NEW CANAAN, CT (STL.News) Governor Ned Lamont held a bill signing ceremony at Grace Farms in New Canaan to commemorate the adoption of a new law modernizing and updating a variety of state government operations affecting procurement, digital government initiatives, and the Small and Minority Business (or set-aside) Program. The legislation also adds new members with an education background to the Commission on Educational Technology.
The legislation, which was proposed by Governor Lamont, aims to ensure that Connecticut continues to be a better place to do business. State agencies now have more flexibility to use modern digital tools, small and minority owned businesses have better access to work with state government, Connecticut has access to cutting-edge technology, and it helps to ensure that outdated bureaucratic processes are not a hindrance to accessing critical goods and services in times of need.
These advancements will also support the state in preparing for the wave of retirements anticipated in 2022.
The legislation is Public Act 21-76, An Act Concerning the Modernization of State Services and the Membership of the Commission for Educational Technology.
“Streamlining and modernizing state government operations by cutting red tape and removing outdated bureaucratic practices has been a top priority for my administration,” Governor Lamont said. “Particularly over this last year and a half as we’ve dealt with the impact of the COVID-19 pandemic, we’ve seen how business relationships and operational processes can mean the world to residents in numerous ways, whether it be through public health initiatives, housing and employment needs, or any number of other issues. I am pleased to celebrate this bill signing today with those from the healthcare, business, and nonprofit community, who know first-hand the difference these changes mean to those who need it most.”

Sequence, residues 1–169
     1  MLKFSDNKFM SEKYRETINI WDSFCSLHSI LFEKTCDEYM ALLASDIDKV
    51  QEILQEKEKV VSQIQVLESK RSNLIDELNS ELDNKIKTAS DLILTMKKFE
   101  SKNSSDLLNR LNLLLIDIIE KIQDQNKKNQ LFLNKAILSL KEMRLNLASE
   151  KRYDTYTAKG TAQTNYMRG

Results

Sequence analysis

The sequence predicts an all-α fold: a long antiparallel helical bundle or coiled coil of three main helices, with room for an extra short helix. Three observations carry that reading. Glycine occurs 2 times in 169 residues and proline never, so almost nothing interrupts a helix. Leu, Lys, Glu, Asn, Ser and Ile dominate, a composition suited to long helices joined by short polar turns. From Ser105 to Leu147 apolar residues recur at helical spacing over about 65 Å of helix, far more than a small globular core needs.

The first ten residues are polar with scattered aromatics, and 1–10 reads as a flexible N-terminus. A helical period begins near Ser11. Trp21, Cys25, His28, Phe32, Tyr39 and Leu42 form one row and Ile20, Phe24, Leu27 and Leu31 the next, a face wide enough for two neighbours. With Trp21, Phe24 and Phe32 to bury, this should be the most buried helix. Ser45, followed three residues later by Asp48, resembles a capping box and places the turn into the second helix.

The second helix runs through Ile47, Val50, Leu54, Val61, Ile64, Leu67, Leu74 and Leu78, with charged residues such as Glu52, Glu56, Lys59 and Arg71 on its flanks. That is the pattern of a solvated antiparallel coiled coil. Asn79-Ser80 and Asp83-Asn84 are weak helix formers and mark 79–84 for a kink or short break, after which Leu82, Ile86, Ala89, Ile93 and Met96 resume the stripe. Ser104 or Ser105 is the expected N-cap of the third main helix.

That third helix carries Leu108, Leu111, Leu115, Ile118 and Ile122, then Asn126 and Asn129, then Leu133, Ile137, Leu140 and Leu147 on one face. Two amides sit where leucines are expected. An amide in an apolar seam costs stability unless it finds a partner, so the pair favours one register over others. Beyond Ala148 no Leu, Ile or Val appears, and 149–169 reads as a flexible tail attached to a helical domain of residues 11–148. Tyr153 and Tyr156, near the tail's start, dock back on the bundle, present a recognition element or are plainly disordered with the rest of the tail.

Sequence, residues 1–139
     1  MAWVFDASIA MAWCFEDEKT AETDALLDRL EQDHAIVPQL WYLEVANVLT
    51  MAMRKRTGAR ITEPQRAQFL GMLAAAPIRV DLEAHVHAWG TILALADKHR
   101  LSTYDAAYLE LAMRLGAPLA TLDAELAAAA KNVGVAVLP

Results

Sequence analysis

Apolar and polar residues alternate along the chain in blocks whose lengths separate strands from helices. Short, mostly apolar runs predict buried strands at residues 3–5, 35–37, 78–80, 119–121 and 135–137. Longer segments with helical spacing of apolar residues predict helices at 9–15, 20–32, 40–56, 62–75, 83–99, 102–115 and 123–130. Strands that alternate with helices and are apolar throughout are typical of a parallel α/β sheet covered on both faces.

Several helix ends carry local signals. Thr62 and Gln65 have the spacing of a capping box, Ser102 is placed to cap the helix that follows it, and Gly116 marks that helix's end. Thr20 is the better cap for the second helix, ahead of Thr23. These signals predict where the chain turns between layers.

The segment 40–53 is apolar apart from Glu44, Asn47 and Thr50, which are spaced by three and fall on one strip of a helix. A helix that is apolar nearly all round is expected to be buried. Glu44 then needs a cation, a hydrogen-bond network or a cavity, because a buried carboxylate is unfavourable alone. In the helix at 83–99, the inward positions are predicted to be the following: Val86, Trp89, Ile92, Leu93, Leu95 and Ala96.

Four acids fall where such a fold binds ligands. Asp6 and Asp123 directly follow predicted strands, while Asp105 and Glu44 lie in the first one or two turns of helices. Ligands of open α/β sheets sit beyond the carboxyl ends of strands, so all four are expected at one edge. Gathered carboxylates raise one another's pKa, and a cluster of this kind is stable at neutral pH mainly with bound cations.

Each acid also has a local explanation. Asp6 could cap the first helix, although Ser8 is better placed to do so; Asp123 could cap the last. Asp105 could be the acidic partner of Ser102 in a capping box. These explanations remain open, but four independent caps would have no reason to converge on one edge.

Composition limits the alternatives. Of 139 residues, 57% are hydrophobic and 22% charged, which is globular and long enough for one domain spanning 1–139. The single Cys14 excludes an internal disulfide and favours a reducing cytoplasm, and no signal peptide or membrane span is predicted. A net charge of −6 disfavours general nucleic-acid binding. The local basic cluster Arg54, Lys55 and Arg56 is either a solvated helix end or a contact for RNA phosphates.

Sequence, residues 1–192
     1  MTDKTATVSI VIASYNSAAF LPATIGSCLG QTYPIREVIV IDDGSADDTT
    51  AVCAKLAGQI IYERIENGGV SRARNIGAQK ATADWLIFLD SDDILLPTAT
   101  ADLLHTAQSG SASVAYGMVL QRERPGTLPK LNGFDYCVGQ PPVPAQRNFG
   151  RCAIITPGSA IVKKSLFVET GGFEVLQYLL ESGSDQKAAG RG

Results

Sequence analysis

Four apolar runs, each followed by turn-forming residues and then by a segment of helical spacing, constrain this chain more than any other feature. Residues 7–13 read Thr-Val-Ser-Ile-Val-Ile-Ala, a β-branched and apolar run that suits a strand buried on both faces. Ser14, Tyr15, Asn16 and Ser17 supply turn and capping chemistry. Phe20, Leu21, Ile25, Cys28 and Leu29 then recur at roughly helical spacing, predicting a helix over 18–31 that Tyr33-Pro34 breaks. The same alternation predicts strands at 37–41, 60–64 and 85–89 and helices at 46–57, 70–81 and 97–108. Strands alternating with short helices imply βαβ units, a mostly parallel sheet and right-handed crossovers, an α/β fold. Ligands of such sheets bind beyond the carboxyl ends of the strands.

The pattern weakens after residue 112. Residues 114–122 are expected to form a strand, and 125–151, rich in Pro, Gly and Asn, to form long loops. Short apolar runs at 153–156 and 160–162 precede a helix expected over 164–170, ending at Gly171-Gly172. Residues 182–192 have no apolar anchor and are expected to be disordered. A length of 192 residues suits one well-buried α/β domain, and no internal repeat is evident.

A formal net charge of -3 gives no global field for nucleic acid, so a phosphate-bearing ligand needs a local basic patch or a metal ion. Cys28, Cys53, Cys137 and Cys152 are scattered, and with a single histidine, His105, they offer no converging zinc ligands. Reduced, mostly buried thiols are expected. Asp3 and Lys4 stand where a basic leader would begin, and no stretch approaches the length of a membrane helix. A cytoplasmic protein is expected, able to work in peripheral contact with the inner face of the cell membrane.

“This legislation continues our march under Governor Lamont’s leadership to streamlining and eliminating outdated processes that have built barriers between government and business,” Josh Geballe, commissioner of the Connecticut Department of Administrative Services and the state’s chief operating officer, said. “These commonsense changes are just part of our broader efforts to modernize state government in ways that residents and businesses expect so they can spend their valuable time growing businesses, supporting their communities, and spending time with their families.”
“When we eliminate unnecessary and duplicative processes for businesses, we grow the bench of providers and suppliers the state can work with, particularly in our times of need,” Gene Burk, director of procurement at the Connecticut Department of Administrative Services, said. “I am proud to have joined a team at the State of Connecticut that makes sure safeguards to protect our residents are in place, without creating roadblocks to productive partnerships.”
“At the height of the pandemic, Grace Farms made a commitment to close the PPE gap in Connecticut and sourced, procured, donated, and distributed two million PPE to healthcare workers around the state,” Sharon Prince, CEO and founder of Grace Farms Foundation, said. “Fulfilling that commitment was made possible through collaboration with the State of Connecticut under Governor Lamont’s leadership. This bill makes it even easier to partner and work with the state, particularly in times of crisis, which can ultimately save lives. This type of public-private partnership is an extraordinary example of what we can achieve together.”
“This is an important improvement that will help protect health care workers and keep our populations safe” Rohit Bhalla, MD, MPH, senior vice president and chief clinical & quality officer at Stamford Health, said. “Procurement was a significant issue during the initial COVID-19 surge in the spring of 2020. It is prudent that we take steps to be better prepared. This new legislation is a commonsense approach.”
“Streamlining and modernizing state government operations, services, and processes improves Connecticut’s business climate, making it easier to do business with the state while enhancing taxpayer return on investment,” Wyatt Bosworth, assistant counsel with the Connecticut Business and Industry Association, said.